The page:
When appointing a DPO, it is important to identify potential incompatibility and conflict of interests between this position and other positions of the person within the company. Non-compliance with the law is subject to an administrative offense which can be punished by a fine of up to € 25,000. Moreover, the DPA can order the dismissal of the DPO if he or she also holds a position which is incompatible with the role as DPO. Finally, non-compliance may give rise to liability under the Act.

Unfortunately, with regard to conflicts of interest there is no clear picture, and much depends on local requirements and views by local DPAs. In general, the following positions are considered to be incompatible with the position of a DPO:

CEO, Director, Corporate Administrators, or other managerial positions that are legally or statutory compulsory
Head of IT/ IT Administrator
Head of HR
Head of Marketing
Head of Sales
Head of Legal
Executives of corporate units processing massive or sensitive personal data

Employees in the administrative department and employees in the legal department are more likely considered to have no conflicts of interest. Finally, views differ considerably with regard to the position of an internal auditor and the head of corporate security. An IT security manager can be appointed if he is independent in the organization of the department.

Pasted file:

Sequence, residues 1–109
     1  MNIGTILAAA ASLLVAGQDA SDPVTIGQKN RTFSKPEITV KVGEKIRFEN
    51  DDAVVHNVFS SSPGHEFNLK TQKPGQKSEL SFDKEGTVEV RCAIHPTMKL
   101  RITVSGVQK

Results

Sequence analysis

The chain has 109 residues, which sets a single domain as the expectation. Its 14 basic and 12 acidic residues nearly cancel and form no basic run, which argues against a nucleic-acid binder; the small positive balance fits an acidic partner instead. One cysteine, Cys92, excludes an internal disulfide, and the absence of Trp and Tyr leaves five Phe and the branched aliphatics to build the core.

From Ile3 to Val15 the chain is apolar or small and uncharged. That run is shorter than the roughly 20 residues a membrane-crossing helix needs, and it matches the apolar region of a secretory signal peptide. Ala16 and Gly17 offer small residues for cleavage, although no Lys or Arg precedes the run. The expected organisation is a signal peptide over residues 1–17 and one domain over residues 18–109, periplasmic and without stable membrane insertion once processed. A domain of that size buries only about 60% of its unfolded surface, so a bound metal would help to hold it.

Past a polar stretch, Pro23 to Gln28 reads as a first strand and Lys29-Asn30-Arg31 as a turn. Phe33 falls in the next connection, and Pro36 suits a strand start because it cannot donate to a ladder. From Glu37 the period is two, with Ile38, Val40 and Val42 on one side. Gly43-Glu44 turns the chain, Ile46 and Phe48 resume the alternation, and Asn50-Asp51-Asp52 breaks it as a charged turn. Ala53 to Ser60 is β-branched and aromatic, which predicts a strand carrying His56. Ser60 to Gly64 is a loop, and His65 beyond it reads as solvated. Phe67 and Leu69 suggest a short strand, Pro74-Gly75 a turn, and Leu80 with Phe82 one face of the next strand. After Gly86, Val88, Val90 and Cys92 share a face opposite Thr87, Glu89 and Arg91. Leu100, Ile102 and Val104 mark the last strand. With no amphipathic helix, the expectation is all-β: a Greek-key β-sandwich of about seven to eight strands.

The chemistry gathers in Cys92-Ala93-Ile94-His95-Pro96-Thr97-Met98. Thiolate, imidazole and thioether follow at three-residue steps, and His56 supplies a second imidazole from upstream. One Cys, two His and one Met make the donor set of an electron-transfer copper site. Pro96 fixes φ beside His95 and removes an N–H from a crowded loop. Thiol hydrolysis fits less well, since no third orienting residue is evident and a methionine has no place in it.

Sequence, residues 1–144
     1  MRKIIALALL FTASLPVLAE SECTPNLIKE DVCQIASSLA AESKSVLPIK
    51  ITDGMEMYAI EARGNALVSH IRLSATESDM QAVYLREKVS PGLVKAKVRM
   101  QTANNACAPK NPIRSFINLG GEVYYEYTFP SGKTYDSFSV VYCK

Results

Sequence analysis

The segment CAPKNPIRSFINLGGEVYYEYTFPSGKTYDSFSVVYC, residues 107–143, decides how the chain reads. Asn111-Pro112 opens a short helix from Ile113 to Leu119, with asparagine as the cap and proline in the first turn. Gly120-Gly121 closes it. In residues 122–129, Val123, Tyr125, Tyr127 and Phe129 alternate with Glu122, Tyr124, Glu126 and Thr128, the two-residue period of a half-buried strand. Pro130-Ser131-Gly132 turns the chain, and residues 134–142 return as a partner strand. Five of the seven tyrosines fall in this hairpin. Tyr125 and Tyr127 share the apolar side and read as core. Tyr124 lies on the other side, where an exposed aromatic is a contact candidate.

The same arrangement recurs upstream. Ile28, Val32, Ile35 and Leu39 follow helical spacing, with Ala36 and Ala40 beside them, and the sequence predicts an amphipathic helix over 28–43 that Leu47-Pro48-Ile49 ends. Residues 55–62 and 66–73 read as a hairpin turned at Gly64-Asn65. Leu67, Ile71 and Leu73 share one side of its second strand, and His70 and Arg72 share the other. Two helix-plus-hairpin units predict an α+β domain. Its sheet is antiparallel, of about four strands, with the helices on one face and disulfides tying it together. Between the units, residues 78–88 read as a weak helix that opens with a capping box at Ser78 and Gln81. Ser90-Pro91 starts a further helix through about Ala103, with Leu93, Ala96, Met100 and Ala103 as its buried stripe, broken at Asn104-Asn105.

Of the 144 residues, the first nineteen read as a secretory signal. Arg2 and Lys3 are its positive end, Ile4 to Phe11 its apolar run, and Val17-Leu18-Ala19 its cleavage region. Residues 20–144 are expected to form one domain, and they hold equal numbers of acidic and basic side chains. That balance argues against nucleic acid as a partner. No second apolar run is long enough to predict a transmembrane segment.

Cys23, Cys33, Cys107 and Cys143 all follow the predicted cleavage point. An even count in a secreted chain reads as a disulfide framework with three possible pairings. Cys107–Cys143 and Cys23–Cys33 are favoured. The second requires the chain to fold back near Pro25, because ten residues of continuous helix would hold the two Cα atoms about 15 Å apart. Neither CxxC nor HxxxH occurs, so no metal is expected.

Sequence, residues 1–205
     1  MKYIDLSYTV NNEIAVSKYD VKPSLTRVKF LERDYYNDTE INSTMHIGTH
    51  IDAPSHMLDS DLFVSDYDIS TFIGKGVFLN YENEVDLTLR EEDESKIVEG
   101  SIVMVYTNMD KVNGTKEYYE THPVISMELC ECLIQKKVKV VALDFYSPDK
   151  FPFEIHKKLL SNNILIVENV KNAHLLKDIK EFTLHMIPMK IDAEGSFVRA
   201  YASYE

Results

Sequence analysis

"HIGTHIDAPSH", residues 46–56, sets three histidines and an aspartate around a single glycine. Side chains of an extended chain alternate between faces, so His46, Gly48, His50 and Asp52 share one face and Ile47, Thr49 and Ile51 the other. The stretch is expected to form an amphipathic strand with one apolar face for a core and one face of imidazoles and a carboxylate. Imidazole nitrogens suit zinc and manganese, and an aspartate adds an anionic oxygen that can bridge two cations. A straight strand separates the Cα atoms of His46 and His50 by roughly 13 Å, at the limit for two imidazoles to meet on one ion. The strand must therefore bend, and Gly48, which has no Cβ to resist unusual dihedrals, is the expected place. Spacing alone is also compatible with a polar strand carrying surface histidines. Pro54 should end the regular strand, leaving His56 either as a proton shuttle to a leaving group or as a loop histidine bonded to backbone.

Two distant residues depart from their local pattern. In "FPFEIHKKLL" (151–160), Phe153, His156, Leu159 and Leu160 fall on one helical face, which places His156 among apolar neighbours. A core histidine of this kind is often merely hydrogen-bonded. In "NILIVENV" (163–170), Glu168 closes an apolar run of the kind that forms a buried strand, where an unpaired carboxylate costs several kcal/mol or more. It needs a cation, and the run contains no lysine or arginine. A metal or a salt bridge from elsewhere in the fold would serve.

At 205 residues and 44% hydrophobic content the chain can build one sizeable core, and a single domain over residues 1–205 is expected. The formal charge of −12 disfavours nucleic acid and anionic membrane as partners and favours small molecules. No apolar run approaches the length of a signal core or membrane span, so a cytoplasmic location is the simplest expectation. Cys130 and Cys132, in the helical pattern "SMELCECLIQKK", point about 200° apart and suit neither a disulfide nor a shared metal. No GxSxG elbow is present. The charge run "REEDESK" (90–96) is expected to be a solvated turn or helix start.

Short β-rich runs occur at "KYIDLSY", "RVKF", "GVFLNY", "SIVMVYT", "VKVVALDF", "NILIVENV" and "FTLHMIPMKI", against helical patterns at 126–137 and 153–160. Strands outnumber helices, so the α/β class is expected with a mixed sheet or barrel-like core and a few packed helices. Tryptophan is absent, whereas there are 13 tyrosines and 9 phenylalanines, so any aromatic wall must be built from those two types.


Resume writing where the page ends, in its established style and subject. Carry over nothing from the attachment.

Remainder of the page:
Finally, German law does not provide for having a “Group DPO” that oversees a group of companies or a holding (Konzerndatenschutzbeauftragter). Such a DPO needs to be appointed by every single entity and also has to implement local data protection coordinators.


Anonymous said...

sorry its a bit long i though you might find it interesting

We live in an information society. Freely available information has become a new factor in the economy, indeed it is now among the most important factors of economic life. Data protection actually means the right of the individual to have his personal data protected against unauthorised use. Data protection has developed in tandem with advances in electronic information technology since the early 1970s.

Modern technology has made it easier to handle information, with the result that the amount of information being processed has soared. It has become possible to collect, systematically access and pass on virtually unimaginable quantities of data at high speed. On the other hand, this ability can lead to problems as it is necessary to protect the privacy of the individual. In this sense, data protection is described as "one of the social limits that society has to impose on technological progress." The legal limits are provided by data protection law.